Edge can be built interactively, but isn't in the chart

Dear all,

[Cross-posted to developers and the delphinqa.]

After 16 years of teaching grammar engineering, I thought I’d found all of the ways in which one can be in the situation of seemingly being able to build an edge through interactive unification which isn’t in the chart. I’ve documented all of the ones I know about here:

http://moin.delph-in.net/GeFaqUnifySurprise

Alas, I’ve found evidence of a new one. Or rather: I’m in that situation (together with a student) but none of the cases noted there apply. More specifically, with the grammar for Meithei [mni] that can be found here:

http://faculty.washington.edu/ebender/mni-debug.tgz

If we try to analyze this sentence:

yoŋ-siŋ túm-í čá-í
monkey-PL sleep-NHYP eat-NHYP
Monkeys sleep and eat.

The LKB and ace both return no parses found. If instead of using the two verbs (one intransitive and one transitive but with a dropped object), we repeat either one of the verbs, we get the expected parses (with both the LKB and ace).

yoŋ-siŋ čá-í čá-í

yoŋ-siŋ túm-í túm-í

Returning to the non-parsing sentence, and looking at the LKB’s parse chart, what’s missing is the VP-T built out of applying the VP1-TOP-COORD rule to the VP-B over čá-í and the VP over túm-í. Puzzlingly, I can build this edge interactively just fine. I’ve run out of guesses as to why it’s not showing up in the char and so I thought I’d put this puzzle out in case other DELPH-INites might be entertained by it.

Curiously,
Emily

p.s. Discourse directed me to an earlier discussion about this, where @johnca suggested checking that chart-packing-p is set to NIL. It is.

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Hi Emily,

In my chart, I see two VP1-BOTTOM-COORD edges over čá-í; one has undergone optcomp and the other has not. Interactively unifying the latter produces a failure as COMPS on the coordinands disagree (transitive vs intransitive). Interactively unifying the former produces a cycle failure for me. Interactive unification through ace unfortunately doesn’t tell you where cycle failures occur by default. If you throw -vvv on the command line and manage to endure the other junk that comes out, when you do the interactive unification that produces a cycle failure it spits out one of the cycle paths, which for me was:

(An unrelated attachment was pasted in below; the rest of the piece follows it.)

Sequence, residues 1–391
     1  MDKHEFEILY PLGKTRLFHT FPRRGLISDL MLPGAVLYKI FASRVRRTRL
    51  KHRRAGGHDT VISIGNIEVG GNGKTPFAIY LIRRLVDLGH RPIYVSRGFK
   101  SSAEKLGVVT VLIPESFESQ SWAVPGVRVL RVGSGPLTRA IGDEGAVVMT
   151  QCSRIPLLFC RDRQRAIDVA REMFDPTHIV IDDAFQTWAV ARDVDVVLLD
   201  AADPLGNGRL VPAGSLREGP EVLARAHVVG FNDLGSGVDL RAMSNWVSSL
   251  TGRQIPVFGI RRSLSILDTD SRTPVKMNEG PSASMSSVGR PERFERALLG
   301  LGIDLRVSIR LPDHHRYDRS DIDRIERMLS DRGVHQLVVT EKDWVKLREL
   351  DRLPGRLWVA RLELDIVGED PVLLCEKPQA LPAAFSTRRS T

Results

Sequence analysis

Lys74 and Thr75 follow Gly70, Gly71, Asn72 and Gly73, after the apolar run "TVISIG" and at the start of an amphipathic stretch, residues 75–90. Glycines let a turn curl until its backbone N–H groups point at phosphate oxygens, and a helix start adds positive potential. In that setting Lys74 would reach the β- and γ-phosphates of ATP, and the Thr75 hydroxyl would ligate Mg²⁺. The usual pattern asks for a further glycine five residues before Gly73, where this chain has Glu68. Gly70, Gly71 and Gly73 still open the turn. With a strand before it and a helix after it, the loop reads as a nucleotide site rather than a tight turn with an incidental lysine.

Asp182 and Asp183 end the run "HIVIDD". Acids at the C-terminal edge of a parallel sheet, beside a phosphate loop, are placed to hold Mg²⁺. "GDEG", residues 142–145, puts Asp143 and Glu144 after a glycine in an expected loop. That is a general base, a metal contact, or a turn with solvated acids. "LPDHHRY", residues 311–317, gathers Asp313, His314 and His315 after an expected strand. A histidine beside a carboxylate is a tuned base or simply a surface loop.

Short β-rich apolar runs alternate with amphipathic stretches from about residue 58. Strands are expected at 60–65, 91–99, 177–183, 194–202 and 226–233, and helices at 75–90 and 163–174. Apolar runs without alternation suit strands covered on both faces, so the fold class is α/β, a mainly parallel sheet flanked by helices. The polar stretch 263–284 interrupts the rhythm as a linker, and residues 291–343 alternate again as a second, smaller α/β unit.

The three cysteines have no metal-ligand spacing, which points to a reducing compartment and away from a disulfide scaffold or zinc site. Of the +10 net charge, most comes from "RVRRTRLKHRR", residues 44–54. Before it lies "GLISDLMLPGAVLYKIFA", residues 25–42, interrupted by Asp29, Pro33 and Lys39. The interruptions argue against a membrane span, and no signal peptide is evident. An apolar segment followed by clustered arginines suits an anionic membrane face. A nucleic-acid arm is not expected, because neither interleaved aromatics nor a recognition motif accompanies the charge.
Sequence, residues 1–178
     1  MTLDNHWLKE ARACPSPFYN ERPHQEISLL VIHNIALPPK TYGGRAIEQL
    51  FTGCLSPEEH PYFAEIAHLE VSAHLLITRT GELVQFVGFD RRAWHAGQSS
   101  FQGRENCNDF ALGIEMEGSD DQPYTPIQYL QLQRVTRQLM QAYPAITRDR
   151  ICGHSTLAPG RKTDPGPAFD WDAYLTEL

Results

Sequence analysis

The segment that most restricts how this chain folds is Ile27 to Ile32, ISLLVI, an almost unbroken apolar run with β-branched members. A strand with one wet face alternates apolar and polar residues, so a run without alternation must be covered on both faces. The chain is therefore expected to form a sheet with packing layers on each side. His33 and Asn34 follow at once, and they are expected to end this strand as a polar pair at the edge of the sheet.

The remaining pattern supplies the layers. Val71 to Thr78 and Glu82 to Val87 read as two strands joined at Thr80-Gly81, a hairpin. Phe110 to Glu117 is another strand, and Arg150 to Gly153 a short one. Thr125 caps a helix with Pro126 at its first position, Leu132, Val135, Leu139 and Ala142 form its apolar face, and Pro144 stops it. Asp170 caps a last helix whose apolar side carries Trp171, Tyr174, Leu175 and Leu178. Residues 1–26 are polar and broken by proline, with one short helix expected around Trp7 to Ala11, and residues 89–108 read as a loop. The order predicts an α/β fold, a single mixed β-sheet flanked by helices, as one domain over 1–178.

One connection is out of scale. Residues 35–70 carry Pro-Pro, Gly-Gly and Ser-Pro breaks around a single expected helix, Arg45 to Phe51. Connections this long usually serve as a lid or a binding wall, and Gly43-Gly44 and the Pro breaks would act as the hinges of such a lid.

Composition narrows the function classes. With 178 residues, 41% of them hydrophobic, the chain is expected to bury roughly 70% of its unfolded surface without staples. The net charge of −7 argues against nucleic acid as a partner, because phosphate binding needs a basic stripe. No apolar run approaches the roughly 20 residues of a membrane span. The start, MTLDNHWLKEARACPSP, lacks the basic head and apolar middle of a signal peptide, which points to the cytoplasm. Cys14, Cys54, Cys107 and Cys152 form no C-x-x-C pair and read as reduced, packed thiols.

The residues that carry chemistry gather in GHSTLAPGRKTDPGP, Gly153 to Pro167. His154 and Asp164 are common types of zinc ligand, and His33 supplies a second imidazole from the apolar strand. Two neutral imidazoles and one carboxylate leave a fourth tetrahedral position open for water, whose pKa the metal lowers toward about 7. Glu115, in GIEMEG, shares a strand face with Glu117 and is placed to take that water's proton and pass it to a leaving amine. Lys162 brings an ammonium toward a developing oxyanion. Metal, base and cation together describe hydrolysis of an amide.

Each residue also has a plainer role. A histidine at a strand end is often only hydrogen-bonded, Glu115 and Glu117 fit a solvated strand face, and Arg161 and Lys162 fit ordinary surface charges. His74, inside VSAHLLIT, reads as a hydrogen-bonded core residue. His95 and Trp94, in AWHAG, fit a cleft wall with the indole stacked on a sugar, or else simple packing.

ARGS FIRST SYNSEM LOCAL CAT VAL SUBJ FIRST NON-LOCAL SLASH LIST NEW-LIST

At the moment I’m not sure (a) what that might portend, or (b) why you aren’t getting an interactive unification failure when doing the same thing in the LKB, or © whether that might mean I’m not doing the same steps you are to reproduce it the problem :slight_smile:.

-Woodley

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Thank you, Woodley! That definitely gives me something to work with. (It doesn’t solve the mystery of why interactive unification is building something that’s not in the chart, but it does tell me where to start looking…)

In that other thread, the issue went away for me after I modified my subject extraction rule… Which sounds related, looking at the cycle that Woodley uncovered? Though I am not seeing a subject extraction rule per se in the attached grammar.

OK, I’ve dug to something resembling the bottom of this.

The core problem here is that append lists record their computation history. The coordination rule very sensibly says that its daughers’ NON-LOCAL must be identical. Considered as lists, their SLASH values are identical, but those values have different computation histories: the one from the intransitive verb is something like list from its lexical entry, whereas the one from the transitive verb has a null prepended during the optional complement rule. The history of that computation shows up as the structure under the APPEND feature; the second coordinand says (simplified): [ APPEND < null, #1 & list > ] while the left daughter says [ APPEND #1 & list ]. Unifying these produces an infinite (cyclic) list.

There’s another cycle caused by the append lists here too, with similar though somewhat distinct pedigree, which I will try to sketch. The coordination rule unifies the daughters’ VAL structures. The left daughter says something like [ SUBJ…SLASH #1, SLASH #1 ]. The right daughter says something like [ SUBJ…SLASH.NEW-LIST #1, SLASH #1 ]. When these two are unified, we end up with [ SUBJ…SLASH #1, SUBJ…SLASH.NEW-LIST #1], which is cyclic. This again is a symptom of keeping computation history around; on the right daughter, the SLASH value was computed as an append, and so its value is linked to the appended lists’ NEW-LIST value, whereas on the left daughter the SLASH value was just copied up.